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By governance I mean good governance as a process as an attitude and as a mechanism to do business. Specifically, this relates to concerns raised during discussions with state owned business enterprises (SoBE) on how public institutions should conduct public affairs and manage public resources for the benefit of the country. This write up centers around the need for the government and governing bodies to improve governance aspects to meet the needs of its people as opposed to looking after the wants of a select group in society.

In Sri Lanka, public sector plays a significant role in economic growth and contributes a major portion to GDP. As a result public sector also consumes a significant portion of resources and due to bad practices, waste is also very high. Good governance in the public sector can encourage the efficient use of resources, strengthen accountability for the effective use of those resources. Transparency in managing resources will improve confidence in those organizations, lead to efficient and effective management practices and thereby contribute to improving peoples’ lives.
However, transparency, integrity and accountability are not norms in many public enterprises. Many can relate to the several negative comments heard about Boards of many government bodies, as listed below;
↗️ Political stooges with no knowledge of business are appointed to Boards as a favour.
↗️ Every time the minister changes, a new chairman is appointed to SoBE without any evaluation
↗️ Persons are appointed to positions to enable politicians to collect their harvest(?)
↗️ Management is capable of serving the public but those at the top are interested in making money for themselves.
↗️ When management follows rules and does something, those above will stop that to the detriment of the organization and the society.
↗️ When the Board does not see personal benefit, they use good governance as an excuse to delay or defer the decision.
↗️ As the Board is incapable of making decisions, performance is affected due to significant delays in decision making.
↗️ Timeliness of decisions is not considered, due to the fear of being blamed later.

Reducing such negative impressions of pubic sector boards is key to making them great. Aspects of governance in the public sector have been addressed by the Committee on Standards in Public Life (the Nolan Committee (U.K.)), the first report of which was published in May 1995. The report (the Nolan report) identified and defined seven general principles of conduct that should underpin public life, and recommended that all public sector entities should draw up codes of conduct incorporating these principles. These “principles of public life” are:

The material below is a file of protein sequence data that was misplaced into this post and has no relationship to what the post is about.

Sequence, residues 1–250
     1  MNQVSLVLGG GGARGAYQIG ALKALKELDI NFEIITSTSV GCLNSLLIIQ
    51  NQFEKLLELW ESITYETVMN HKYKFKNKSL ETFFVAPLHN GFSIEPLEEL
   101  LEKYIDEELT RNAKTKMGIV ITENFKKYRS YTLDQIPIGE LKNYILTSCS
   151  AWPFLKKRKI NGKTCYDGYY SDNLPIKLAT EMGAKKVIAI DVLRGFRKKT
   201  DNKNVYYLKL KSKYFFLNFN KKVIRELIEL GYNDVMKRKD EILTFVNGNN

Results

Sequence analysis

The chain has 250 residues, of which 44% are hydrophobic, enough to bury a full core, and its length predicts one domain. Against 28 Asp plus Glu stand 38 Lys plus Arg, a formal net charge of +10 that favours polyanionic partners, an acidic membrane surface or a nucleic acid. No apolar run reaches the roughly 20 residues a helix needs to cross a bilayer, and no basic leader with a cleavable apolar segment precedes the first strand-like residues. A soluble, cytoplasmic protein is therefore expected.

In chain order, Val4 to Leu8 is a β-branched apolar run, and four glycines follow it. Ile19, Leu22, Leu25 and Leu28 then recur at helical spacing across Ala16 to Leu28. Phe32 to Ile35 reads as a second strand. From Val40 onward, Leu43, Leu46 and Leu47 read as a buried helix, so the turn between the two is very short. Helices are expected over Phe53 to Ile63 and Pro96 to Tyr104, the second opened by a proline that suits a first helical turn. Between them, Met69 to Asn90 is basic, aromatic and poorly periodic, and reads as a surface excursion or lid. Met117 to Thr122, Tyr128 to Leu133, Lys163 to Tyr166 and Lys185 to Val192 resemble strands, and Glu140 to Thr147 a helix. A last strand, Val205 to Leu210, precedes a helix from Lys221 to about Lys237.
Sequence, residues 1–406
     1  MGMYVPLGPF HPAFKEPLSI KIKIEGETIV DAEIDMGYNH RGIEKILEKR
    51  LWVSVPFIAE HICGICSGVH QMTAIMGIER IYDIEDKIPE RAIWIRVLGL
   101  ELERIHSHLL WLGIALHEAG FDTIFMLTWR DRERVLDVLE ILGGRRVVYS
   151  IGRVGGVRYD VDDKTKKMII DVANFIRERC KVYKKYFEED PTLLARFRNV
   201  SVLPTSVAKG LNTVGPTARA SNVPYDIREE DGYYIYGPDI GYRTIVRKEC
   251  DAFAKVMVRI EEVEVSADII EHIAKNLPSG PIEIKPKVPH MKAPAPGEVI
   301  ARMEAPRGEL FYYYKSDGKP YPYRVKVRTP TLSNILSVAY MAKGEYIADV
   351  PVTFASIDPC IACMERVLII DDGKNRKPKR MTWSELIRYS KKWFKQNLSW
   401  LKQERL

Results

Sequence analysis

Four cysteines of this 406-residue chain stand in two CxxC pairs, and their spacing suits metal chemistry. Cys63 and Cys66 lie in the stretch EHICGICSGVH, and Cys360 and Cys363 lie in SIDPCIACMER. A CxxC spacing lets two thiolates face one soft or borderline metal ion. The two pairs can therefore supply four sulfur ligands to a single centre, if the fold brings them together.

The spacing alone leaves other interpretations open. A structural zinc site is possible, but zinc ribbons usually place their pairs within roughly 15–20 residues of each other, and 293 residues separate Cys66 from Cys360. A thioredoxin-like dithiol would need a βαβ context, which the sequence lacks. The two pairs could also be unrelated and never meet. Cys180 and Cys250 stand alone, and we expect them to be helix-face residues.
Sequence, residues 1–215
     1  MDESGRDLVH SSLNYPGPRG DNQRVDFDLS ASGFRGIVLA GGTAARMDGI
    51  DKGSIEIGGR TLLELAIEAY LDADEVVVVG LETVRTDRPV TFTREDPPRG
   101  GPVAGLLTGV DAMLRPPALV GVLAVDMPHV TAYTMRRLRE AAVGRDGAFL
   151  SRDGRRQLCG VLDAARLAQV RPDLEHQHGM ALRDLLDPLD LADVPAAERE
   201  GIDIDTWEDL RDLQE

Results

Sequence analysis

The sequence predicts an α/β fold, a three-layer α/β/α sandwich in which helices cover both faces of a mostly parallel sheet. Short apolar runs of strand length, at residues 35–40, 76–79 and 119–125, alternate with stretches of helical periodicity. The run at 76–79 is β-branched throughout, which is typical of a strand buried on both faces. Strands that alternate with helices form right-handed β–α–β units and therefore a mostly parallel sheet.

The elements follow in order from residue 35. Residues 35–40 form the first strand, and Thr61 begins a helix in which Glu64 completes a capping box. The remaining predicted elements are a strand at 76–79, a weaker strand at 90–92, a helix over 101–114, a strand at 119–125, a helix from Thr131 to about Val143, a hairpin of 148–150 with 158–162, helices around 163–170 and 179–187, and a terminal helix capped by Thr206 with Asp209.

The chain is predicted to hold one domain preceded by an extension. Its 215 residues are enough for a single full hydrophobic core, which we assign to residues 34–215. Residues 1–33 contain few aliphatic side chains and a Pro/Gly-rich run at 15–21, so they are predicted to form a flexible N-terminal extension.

* selflessness;
* integrity;
* objectivity;
* accountability;
* openness;
* honesty; and
* leadership.
These principles along with the purpose of achieving transparency and effective use of resources for social benefit should balance governance and performance in state owned enterprises, through good structures, policies and procedures. Over a period such good governance practices will lead to better performance.

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Lessons for us from Kotak Panel (India) Report on Corporate Governance

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The Securities and Exchange Board of India (SEBI) is planning to surge ahead by proposing for greater focus on transparency and disclosures to improve corporate governance, with its latest Kotak Panel report. The recommendations cover a wide range of requirements for independent directors, composition of the board, separation of chairmanship and role of CEO, the make-up of board committees, treatment of subsidiaries, related-party transactions and auditor evaluations.

Some of the key proposals that will be of interest to the SEC in Sri Lanka and many similar developing countries are;

It is proposed for Companies to make public the relevant skills of directors necessitating the companies to develop a skills matrix to justify nominations. This will keep dud appointees away from boards. Directors are also required to attend at least half the total board meetings held over two financial years. If they fail to do so, they would require shareholders’ nod for continuing.